Tran Quoc Pagoda (Vietnamese spelling: chùa Trấn Quốc – 鎮國寺) is about 4.5 km away from the center of Hanoi and dates back to 541 CE. It’s located on the sole islet to the east of West Lake which is linked to the mainland by a small driveway.
The pagoda spans over 3000 m2 and was recognized as a National Heritage Site in 1989. It was also voted one of the world’s most beautiful pagodas by the Daily Mail UK in 2016, and the Wanderlust website in 2017.
History of the Tran Quoc Pagoda
Tran Quoc Pagoda was originally built next to the Red River (sông Hồng) in the 6th century during the reign of King Lý Nam Đế. This first king of the Ly Dynasty named it Khai Quoc (Khai Quốc – 開国), or Nation Establishment.
Since its beginning, the pagoda had been the Mecca of Buddhism in the Thang Long Capital City, especially during the Ly and Tran Dynasties. Around the 1440s, Lê Thái Tông— the second king of the Le Dynasty— referred to it as An Quoc Pagoda (chùa An Quốc – 安国寺) which translates ‘to keep the nation at ease’.
Relocation and Establishment of the Name Tran Quoc
During the Later Le Dynasty in 1615, the pagoda was moved to an islet within the Yen Phu Dyke (đê Yên Phụ) which is where it stands today in Yen Phu Ward. King Lê Hy Tông was the one to rename it Tran Quoc or ‘to guard the country’ in the late 17th century.
Tran Quoc Pagoda went through a major renovation in 1815 into what it is today. People have always kept the name Tran Quoceven when Thiệu Trị— the third king of the Nguyen Dynasty— changed it to Tran Bac (Trấn Bắc) which means ‘to guard the North’ in 1842.
Things to See at the Tran Quoc Pagoda
Tran Quoc Pagoda has gone through many restorations in various styles, however, it still strictly adheres to the principles of Buddhist architecture.
Halls of Worship and the Bell Tower
From the Grand Entrance (tam quan), you walk along the pretty red-bricked road and you’ll come to three main halls.
The first is known as Front House (Tiền đường), then behind that is the Incense House (nhà thiêu hương), and then the Upper Hall (thượng điện). They’re connected in the shape of the Chinese character ‘工’ meaning ‘to work’. The Upper Hall contains a unique collection of bronze and gold plated statues.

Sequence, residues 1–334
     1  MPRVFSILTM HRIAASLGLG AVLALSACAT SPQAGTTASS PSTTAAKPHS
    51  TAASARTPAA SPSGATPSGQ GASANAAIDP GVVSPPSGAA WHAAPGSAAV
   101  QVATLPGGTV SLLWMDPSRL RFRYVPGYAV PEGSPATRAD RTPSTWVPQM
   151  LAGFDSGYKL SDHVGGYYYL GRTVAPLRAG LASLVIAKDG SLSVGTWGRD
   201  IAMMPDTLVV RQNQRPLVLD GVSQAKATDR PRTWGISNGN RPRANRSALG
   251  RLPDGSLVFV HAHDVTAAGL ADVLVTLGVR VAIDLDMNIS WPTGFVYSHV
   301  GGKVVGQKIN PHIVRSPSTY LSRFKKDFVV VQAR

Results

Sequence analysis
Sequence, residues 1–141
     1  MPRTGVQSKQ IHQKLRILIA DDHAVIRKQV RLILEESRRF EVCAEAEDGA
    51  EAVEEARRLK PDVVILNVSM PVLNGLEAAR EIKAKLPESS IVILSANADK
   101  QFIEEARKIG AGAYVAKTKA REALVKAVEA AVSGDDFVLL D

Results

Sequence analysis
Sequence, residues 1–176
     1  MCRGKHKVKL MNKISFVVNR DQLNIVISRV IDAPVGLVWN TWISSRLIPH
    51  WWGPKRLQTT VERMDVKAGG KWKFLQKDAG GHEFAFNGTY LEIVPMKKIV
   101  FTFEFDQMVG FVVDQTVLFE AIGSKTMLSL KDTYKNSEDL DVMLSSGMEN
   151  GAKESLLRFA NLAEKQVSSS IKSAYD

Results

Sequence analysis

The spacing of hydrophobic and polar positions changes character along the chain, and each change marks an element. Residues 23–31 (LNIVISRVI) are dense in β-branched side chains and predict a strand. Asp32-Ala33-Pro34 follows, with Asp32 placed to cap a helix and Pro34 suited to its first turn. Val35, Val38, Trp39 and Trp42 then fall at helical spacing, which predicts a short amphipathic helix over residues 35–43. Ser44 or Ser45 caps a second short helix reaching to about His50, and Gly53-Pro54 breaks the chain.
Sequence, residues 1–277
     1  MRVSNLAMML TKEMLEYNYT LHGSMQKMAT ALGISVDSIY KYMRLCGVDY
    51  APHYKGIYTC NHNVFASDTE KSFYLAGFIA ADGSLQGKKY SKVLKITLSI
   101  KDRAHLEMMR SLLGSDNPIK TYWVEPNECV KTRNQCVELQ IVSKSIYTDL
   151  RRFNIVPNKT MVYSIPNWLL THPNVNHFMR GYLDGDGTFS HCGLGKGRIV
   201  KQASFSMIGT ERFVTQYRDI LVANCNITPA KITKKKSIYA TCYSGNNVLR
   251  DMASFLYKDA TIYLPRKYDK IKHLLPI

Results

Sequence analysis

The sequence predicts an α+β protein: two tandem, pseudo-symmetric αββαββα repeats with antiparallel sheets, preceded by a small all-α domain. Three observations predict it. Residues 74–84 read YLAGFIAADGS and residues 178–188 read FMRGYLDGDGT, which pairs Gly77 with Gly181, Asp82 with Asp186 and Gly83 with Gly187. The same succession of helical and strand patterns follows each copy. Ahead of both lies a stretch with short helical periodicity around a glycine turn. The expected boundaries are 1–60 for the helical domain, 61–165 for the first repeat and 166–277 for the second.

The bell tower is behind the Upper Hall, to the right of it is the Ancestor House (nhà tổ) where monks of the past and worshipped and remembered. To the right is the Stele House with records of the pagoda.
One typical feature of the pagoda is the wooden dharmachakra or dharma wheel (pháp luân) on the outer wall. It’s widely used to represent the Buddha’s teaching and the universal moral order.
The Lotus Tower (bảo tháp lục độ đài sen) is uniquely beautiful with lotus flowers carved into the walls. Each level of the11 stories has 6 statues of the Amitabha Buddha (Phật A Di Đà) facing outward.
On the top is a sculpture of the Nine Stages of Lotus Flowers (Cửu Phẩm Liên Hoa) in Buddhism. These correspond to the nine levels of development in one’s previous life which reflect the distance from Amitabha, or one’s consequent Kalpa (kiếp) or lifetime.
Amitabha is the principal buddha in Pure Land Buddhism (Tịnh Độ Tông), a branch of Mahayana Buddhism (Đại Thừa Tông). He’s also called the Buddha of Immeasurable Life and Light (Phật Vô Lượng Thọ Vô Lượng Quang).
The Bodhi Tree
In 1959, the then President of India gave a Bhodi tree as a gift to the pagoda. It was taken from the original one in Bodh Gaya (bồ đề Đạo Tràng) where the Buddha achieved enlightenment. In addition, the Former President of Russia, Dmitry Medvedev, visited this National Heritage Site in 2010.
Life Release Ceremony
Life Release (phóng sinh) is a Buddhist practice of compassion to free captured animals. The Life Release Ceremony is held annually on January 15 and Vu Lan Festival (lễ Vu Lan), the equivalent of the Ghost Festival in Buddhism, in July in the Lunar Calendar.
Being such a sacred ground, many pilgrims gather at Tran Quoc Pagoda and release captured small animals like birds, fish, and turtles sold on the streets. Unfortunately, some people take advantage of this and recapture the animals to resell soon after they’ve been released.
Visiting the Tran Quoc Pagoda
Tran Quoc Pagoda has no entrance fee, but feel free to give your own donation. Remember to wear clothes covering the knees and shoulders.
Tran Quoc is especially crowded during the 1st month and the Vesak Day (lễ Phật Đản) on the Lunar calendar. There are free incense sticks to light up at the altars and you can bring fresh fruits as an offering.
How to Get to the Tran Quoc Pagoda
Tran Quoc Pagoda is in the area of West Lake not far from the center of Hanoi so it’s easy to get to. Pilgrims like to stroll the lake by bicycle or on foot visiting other temples and pagodas nearby or to relax at lake-view cafes and restaurants.Check out our article on ‘25 Best Things To Do in Hanoi’ for more about how to get to the Tran Quoc Pagoda and other nearby destinations.